Caulfield toy library saved from wrecking ball

A space-starved inner south council planned to tear down a recently renovated and popular toy library to open up a fraction of space near Koornang Park — but they have now backed down on the demolition after a passionate parent campaign. 


Emma-Jayne Schenk, Caulfield Glen Eira LeaderSubscriber | June 26, 2019 4:30am

A popular Carnegie toy library that faced demolition to make way for a paltry plot of green space has been saved after a passionate campaign from parents. 

Space-starved Glen Eira Council had planned to tear down Caulfield Community Toy Library in Carnegie to open up a fraction of space near Koornang Park — despite spending $190,000 purpose-fitting the 1960s building in 2014 for the library to use.

But, following strong opposition from the community and a 556-signature petition, the council’s draft Koornang Park/Lord Reserve masterplan no longer lists the toy library building as a “structure to be removed”.


Committee member Pia Lower said people power had won out to save the 300-member, 32-year-old library.


Ms Lower said parents were grateful the council had “seen sense” so they could keep providing the service in a “friendly and accessible location”.

“We’re thrilled that we’re keeping our beautiful home adjacent to Koornang Park,” Ms Lower said.


“Our volunteers have put so much hard work into making this building the best home it can be for our ever-expanding toy collection.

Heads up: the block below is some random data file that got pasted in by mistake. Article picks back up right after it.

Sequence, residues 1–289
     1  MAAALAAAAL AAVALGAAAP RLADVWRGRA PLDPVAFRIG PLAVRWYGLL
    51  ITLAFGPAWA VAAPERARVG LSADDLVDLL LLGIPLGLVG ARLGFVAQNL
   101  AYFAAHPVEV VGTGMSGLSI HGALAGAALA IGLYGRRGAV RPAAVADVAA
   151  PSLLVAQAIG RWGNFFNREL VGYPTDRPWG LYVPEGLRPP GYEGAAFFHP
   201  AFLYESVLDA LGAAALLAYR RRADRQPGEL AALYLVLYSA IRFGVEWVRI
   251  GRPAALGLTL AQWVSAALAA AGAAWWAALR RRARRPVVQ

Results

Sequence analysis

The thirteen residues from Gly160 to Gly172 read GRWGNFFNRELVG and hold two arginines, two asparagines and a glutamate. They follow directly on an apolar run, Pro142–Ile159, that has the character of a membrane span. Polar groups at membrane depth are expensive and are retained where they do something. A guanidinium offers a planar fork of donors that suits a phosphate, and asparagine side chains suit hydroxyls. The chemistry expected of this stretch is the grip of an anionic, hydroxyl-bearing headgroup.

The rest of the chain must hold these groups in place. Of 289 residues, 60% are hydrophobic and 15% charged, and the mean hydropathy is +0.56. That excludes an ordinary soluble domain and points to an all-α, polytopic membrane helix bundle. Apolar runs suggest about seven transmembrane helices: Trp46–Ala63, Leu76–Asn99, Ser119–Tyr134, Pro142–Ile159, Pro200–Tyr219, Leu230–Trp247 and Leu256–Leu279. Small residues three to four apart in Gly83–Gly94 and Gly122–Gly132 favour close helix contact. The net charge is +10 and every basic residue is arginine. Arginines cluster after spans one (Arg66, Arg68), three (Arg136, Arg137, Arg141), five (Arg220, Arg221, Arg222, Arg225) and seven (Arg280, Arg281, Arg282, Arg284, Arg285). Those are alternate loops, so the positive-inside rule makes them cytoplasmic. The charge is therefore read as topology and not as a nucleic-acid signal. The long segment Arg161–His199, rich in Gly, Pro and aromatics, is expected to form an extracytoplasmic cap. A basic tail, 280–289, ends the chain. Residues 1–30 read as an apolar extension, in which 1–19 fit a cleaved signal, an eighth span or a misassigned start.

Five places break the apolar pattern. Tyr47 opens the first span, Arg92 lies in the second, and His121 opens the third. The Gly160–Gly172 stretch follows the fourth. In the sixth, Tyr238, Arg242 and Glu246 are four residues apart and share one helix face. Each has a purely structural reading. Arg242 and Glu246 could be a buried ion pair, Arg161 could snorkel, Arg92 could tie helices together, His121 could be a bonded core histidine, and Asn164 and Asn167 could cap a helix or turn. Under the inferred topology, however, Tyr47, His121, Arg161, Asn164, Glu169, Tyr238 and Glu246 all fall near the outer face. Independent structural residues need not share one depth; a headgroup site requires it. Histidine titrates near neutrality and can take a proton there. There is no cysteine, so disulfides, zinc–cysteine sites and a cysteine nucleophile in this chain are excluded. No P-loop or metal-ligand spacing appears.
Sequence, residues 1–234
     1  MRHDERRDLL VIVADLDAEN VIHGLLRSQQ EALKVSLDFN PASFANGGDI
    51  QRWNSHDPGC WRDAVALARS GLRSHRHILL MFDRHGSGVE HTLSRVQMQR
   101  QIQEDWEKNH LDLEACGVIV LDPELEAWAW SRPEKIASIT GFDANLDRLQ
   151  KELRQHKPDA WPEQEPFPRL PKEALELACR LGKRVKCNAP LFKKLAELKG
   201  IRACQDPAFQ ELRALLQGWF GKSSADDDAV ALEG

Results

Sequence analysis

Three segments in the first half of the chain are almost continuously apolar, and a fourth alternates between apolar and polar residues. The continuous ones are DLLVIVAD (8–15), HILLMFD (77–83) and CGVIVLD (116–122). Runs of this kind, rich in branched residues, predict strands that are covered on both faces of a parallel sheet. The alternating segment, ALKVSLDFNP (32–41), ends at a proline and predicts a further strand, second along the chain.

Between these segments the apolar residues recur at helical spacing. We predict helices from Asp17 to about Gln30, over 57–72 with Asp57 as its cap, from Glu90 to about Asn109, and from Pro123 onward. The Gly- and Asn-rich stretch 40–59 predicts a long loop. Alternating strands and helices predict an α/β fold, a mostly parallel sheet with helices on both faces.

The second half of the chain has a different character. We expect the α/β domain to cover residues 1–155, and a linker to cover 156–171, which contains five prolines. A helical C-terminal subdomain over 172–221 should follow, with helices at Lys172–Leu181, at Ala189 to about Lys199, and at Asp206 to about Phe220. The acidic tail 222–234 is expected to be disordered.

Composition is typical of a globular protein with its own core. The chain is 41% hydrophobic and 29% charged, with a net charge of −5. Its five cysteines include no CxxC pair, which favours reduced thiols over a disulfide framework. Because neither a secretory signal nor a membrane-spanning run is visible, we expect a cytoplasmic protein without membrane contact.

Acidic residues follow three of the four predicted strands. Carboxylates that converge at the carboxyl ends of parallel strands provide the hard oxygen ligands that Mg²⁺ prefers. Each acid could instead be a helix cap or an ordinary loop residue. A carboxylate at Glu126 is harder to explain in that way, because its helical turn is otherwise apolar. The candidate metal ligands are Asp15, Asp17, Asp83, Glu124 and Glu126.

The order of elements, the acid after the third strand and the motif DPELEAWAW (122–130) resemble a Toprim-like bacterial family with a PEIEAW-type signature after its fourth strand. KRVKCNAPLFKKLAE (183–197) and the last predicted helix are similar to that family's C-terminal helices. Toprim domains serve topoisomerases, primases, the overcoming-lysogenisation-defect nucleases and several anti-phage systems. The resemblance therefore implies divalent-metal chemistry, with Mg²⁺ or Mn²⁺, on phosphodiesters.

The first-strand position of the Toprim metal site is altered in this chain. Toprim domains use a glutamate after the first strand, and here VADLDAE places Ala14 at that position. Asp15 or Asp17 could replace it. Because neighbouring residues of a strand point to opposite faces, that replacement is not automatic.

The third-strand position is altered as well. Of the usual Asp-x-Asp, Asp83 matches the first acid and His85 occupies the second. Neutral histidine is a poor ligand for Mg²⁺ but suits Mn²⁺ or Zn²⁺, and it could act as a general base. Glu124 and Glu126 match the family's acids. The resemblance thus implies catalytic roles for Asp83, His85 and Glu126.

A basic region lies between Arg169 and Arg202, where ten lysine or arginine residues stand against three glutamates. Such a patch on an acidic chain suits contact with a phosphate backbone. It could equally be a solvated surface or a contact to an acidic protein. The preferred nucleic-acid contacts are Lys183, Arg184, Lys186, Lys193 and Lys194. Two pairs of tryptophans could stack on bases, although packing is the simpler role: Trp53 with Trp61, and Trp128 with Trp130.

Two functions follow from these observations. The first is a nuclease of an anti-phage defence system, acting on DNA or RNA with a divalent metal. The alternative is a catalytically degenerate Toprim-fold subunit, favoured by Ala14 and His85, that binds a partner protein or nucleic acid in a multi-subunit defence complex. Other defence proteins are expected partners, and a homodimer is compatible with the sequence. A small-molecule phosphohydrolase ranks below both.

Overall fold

Our members love visiting us here next to the park, pool and playground. This is a perfect place for a toy library.”

Glen Eira environment and infrastructure director Samantha Krull previously defended the proposed demolition, saying “as Glen Eira’s population grows so does the demand on our open space network and need to cater for a diverse range of users and activities”.

But Mayor Jamie Hyams this week said it was “not ideal” to have buildings in a park but the council had decided to keep it following consultation.

“(We decided) it was compatible with the park, given it is on the border and adjacent to the pool,” Cr Hyams said.

“(The) council also felt it was better to give this valuable service certainty, and rates and facilities would have better uses than rehousing an organisation that’s functioning well where it is.”

The council adopted the masterplan last night, but residents will be able to have their say on its implementation, including the proposed closure of Moira Ave.

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